Inspiring, Celebrating & Empowering
Solo & Small Law Firms

Open Your Own Academy

Though it’s usually the other way around, every so often, solos and smalls can take a lesson from big law initiatives. Two months ago, I blogged about Holland and Knight’s security lab, where the firm tests its clients’ systems for security flaws and recommends fixes for vulnerabilities – and now, I’ve just come across The Appellate Academy, a recently launched venture by Michigan-based  Warner, Norcross and Judd. According to the firm’s press release, the Appellate Academy will run moot courts so that attorneys “can practice arguments and receive feedback as they prepare to present cases to the Michigan Supreme Court, Michigan Court of Appeals, U.S. Court of Appeals for the Sixth Circuit and other appellate courts.”  The academy’s “bench” is compressed of former judges and firm attorneys – and it has already mooted, or scheduled moots for 20 percent of the arguments before the Michigan Supreme Court. Presumably, there’s a fee for this service, though it’s not discussed on the website.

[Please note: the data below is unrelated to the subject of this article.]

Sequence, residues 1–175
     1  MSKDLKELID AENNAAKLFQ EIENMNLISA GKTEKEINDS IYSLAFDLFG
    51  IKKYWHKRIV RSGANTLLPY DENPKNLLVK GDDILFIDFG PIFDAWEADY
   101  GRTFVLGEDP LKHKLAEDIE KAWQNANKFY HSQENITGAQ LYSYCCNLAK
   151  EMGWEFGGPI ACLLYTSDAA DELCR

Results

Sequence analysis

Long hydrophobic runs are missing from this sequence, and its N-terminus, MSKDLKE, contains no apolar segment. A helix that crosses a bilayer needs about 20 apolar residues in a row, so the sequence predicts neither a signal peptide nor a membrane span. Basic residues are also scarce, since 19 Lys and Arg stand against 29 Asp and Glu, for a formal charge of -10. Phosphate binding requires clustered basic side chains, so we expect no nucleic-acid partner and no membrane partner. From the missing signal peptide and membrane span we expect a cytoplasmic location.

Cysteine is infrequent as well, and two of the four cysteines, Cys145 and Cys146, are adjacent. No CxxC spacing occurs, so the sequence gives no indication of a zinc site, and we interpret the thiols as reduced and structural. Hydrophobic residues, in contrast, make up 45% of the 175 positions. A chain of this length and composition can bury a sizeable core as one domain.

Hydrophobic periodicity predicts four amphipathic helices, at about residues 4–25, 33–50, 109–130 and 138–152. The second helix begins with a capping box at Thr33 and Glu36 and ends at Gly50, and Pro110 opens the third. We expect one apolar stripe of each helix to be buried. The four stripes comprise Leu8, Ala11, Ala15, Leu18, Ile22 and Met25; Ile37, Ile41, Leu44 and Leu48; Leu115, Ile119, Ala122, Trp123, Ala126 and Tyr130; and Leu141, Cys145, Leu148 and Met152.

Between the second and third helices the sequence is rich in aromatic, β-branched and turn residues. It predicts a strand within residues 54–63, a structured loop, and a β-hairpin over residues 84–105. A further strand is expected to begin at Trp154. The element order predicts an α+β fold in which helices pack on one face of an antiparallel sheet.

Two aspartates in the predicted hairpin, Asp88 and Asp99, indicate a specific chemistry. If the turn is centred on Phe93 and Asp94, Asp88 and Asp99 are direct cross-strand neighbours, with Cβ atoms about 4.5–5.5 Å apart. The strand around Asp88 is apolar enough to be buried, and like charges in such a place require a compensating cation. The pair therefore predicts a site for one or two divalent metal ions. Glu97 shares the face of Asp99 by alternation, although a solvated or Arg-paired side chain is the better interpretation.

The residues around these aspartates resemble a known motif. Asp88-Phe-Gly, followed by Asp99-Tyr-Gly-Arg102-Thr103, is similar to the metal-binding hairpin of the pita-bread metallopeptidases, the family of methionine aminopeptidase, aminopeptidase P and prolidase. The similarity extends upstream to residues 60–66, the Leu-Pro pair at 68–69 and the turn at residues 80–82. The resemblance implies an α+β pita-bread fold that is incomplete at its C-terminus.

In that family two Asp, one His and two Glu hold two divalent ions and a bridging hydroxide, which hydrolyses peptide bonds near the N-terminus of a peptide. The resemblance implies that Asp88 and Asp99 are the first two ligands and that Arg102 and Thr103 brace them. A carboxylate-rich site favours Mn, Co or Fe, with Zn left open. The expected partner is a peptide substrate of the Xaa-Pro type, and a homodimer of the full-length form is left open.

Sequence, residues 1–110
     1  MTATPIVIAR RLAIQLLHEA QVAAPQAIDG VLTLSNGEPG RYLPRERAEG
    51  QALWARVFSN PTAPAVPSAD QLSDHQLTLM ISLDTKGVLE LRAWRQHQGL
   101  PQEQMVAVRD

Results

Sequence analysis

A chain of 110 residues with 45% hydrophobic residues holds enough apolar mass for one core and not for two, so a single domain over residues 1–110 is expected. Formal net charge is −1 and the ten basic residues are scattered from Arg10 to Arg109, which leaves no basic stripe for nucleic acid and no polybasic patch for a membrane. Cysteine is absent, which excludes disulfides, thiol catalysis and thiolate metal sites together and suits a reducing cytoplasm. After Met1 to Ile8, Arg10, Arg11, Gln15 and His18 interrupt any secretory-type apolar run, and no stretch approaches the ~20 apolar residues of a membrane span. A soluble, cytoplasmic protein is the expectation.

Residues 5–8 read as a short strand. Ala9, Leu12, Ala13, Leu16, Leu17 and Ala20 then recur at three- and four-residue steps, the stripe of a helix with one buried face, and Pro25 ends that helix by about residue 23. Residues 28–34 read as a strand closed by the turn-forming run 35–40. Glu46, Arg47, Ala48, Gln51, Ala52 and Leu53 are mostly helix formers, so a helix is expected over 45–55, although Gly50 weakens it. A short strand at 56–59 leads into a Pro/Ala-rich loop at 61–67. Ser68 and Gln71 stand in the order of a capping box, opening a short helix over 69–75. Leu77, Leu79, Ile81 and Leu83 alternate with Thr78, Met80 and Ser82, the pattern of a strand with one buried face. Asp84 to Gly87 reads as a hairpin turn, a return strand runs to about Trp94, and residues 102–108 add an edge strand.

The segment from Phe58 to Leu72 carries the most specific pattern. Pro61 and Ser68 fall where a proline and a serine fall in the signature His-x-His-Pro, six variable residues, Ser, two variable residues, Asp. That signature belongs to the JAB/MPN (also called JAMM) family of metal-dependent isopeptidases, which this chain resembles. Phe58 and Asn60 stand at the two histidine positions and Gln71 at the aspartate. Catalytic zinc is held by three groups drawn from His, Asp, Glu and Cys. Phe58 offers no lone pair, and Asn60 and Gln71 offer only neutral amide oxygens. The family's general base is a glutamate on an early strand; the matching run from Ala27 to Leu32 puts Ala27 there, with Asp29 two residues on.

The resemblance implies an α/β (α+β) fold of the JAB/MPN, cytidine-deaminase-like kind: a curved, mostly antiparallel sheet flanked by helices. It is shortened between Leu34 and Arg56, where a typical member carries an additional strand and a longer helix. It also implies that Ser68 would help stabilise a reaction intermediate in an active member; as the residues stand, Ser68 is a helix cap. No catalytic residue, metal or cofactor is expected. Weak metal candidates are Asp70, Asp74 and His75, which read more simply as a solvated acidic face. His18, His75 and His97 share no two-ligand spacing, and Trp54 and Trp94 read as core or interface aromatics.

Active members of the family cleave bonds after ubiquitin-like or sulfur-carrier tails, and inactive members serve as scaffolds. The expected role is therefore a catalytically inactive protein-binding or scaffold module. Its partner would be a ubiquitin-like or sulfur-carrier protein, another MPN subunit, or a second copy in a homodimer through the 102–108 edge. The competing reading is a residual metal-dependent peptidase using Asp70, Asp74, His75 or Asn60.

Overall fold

My guess is that most solo and small firms (or more accurately, their clients, who presumably would foot the bill) couldn’t afford this type of service. Nevertheless, that doesn’t mean that there isn’t a demand for these kinds of “knowledge based services” in the solo/small community; indeed, probably more of a demand since most solos don’t have partners or associates who can act as a sounding board.  But I’m sure that lots of lawyers would be willing to pay for an hour or two of an expert lawyer’s time in exchange for feedback.

An academy needn’t be limited to appellate practice; it could sell knowledge on many specialized practice areas – from review of sentencing memos in criminal defense practice to offering feedback on trial skills. I know that some lawyers frequently share this kind of feedback as professional courtesy to colleagues – but for those lawyers, particularly newbies with less experience who don’t have mentors, this kind of service enables them to find the help they need without feeling like a parasite.

Do you, or any lawyers in your community run academies or offer “legal tutoring?” Is it a service that you would use yourself? Share your comments below.

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